The similarity is the existence of a situation that can give rise to crimes of this magnitude. One needs a number of ingredients, two in particular. One needs to demonise the victim. You can’t treat people in that way, whether it was in the Holocaust, in South Africa during the Apartheid, in Bosnia or Rwanda, you can’t victimise and treat people like that if you think they are equal and at the same level. So they have to be demonised. In Rwanda they were called cockroaches. And in addition there is the aspect of fear. If you add demonisation to fear you get the recipe for genocide, other crimes against humanity and war crimes. It was the fear and the demonisation in Rwanda that led to genocide, it was the demonisation of Muslims in the former Yugoslavia in particular, and of Jews, Gipsies and Homosexuals in Nazi Germany that enabled people to be killed en masse. You need those two ingredients, but particularly the first one – the demonisation – and that is common to all the situations of genocide.

But again, it’s difficult to compare Rwanda and Bosnia. In Rwanda, I believe that the success of the ICTR in bringing cases and getting guilty verdicts against the leaders, assisted the post-genocide government in bringing about peace and equilibrium in their society. Rwanda, of course, has in the last decade become a financial and economic success. In addition, I believe that the work of the ICTR made it possible for Rwanda to use its own tribal system called Gacaca to bring closure and to help to bring an end to the genocide investigations. The Gacaca system, by international standards, was certainly not perfect, but it was a success to the extent that it got tens of thousands of people out of terrible prison conditions. Some human rights supporters criticise the Gacaca system, but I don’t criticise it because I don’t know a better alternative. If you could give me a better alternative, then I would say Rwanda shouldn’t have used the Gacaca system. But it was a question of people dying in prison because of bad conditions or dealing with them in a way that wasn’t acceptable to the people of Rwanda. But it was the work of ICTR in proving the guilt of the organisers of the genocide that certainly had assisted the society in Rwanda to move on in an almost impossible situation.

In the case of the former Yugoslavia it’s more complex. In the case of Rwanda we’re dealing with one country in a civil war situation. In the case of the former Yugoslavia we’re dealing, of course, with three post-independence countries, each with their own history, each with their own involvement and each one blaming the other. So it’s much more difficult in that situation. It’s the greatest shame and, in my view, a disappointment to me, that there has never been a truth and reconciliation commission in the former Yugoslavia. As a South African, from my experience of the huge success of the Truth and Reconciliation Commission in South Africa, the people and the victims in Bosnia and Herzegovina, in all the countries of the former Yugoslavia, would have benefited from forcing all people to, to quote Archbishop Desmond Tutu, look the monster in the eye, to realise what happened and to find out that there were victims and perpetrators on all sides and that there weren’t only guilty on one side and only victims on the other. And that truth is important for reconciliation and, it seems to me, it’s missing in the former Yugoslavia.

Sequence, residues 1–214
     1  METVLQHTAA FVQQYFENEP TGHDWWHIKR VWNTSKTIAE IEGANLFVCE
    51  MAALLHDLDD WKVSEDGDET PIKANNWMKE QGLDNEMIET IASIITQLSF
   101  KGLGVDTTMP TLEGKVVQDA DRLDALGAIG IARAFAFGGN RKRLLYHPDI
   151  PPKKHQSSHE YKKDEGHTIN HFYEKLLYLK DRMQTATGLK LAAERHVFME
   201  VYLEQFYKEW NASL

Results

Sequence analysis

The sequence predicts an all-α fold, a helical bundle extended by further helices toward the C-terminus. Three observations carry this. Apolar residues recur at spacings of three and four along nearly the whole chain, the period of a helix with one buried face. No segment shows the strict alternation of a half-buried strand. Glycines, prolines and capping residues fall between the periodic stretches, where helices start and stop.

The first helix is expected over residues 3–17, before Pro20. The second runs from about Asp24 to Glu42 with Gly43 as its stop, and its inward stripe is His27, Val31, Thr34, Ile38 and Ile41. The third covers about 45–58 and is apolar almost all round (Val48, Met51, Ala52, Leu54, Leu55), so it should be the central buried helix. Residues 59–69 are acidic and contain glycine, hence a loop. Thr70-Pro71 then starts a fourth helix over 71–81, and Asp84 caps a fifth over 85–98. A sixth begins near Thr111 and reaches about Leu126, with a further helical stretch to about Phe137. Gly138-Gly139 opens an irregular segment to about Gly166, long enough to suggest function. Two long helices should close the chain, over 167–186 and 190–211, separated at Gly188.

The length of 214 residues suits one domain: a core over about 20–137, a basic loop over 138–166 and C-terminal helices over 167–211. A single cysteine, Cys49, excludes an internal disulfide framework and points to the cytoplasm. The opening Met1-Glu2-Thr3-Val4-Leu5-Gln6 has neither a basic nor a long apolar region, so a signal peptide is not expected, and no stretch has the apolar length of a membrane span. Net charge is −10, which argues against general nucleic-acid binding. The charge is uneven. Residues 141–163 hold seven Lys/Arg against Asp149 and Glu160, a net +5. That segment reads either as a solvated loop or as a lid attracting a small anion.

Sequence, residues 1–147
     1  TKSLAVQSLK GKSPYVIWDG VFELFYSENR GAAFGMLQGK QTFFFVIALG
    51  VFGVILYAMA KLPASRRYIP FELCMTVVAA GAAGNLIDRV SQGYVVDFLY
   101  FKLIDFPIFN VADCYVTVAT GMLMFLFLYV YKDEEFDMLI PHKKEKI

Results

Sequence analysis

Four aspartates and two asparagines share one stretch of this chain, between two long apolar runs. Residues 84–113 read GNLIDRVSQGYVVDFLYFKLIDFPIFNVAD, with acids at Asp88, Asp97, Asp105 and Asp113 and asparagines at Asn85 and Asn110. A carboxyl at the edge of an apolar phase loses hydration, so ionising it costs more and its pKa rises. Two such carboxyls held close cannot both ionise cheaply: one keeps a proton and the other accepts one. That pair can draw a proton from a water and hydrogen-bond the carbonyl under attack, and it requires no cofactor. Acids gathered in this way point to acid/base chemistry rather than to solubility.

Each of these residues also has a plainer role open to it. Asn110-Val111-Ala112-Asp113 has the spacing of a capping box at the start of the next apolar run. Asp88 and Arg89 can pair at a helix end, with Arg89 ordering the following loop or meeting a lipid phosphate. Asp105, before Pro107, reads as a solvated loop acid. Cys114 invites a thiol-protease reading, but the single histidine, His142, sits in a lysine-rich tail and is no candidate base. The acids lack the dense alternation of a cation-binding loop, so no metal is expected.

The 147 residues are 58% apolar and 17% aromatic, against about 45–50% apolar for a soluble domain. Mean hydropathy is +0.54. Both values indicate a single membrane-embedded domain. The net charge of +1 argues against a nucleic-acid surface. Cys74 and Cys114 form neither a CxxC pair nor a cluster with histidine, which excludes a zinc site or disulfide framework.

I think above all you need good leadership. I think in South Africa we were blessed to have Nelson Mandela. In Rwanda, I think that Paul Kagame has risen above the immediate concerns of his Tutsi people and he does take into account, it seems to me, the interests of all people in his country. The problem in the former Yugoslavia is that you still have Serb, Croat and Bosniak interests and history going back centuries to deal with. And again, I repeat, it’s for that reason that a truth and reconciliation commission would have been and maybe still would be a good idea.

The attitude of any international prosecutor should be, and I think it has been, to investigate and bring out indictments against the most guilty. And the most guilty are the people, the leaders, whether political or military, who organised, aided and abetted in the perpetration of these massive crimes, especially genocide and crimes against humanity. So that is the attitude, the attitude of prosecutors is to go for the most guilty. In the beginning, in the ICTY that wasn’t possible. The evidence we had in the beginning was against the so called smaller fish, but they were bricks in building up to indictments. We got there very quickly. It was within a year after I arrived as the first chief prosecutor, it was eleven months after that, that the first indictments were issued against Karadzic and Mladic.

Richard Goldstone, South Africa
Retired Justice of the Constitutional Court of South Africa and former first Chief Prosecutor of the ICTY-International Criminal Tribunal for Former Yugoslavia and ICTR- International Criminal Tribunal for Rwanda. Mr. Goldstone took up office as the ICTY’s first Chief Prosecutor in August 1994 while the conflict in both Croatia and Bosnia and Herzegovina was ongoing. He signed the ICTY’s first indictments, including those against Radovan Karadžić and Ratko Mladić(July 25, 1995, Case No. IT-95-5-I) for the Srebrenica genocide and other massive crimes committed in Bosnia and Herzegovina. “Radovan Karadzic and Ratko Mladic, from April 1992, in the territory of Republic of Bosnia and Herzegovina, by their acts and omissions, committed genocide” (Part I, Counts 1-2) He served until 31 September 1996, and after his service in two Tribunals, Justice Goldstone returned to the Constitutional Court of South Africa.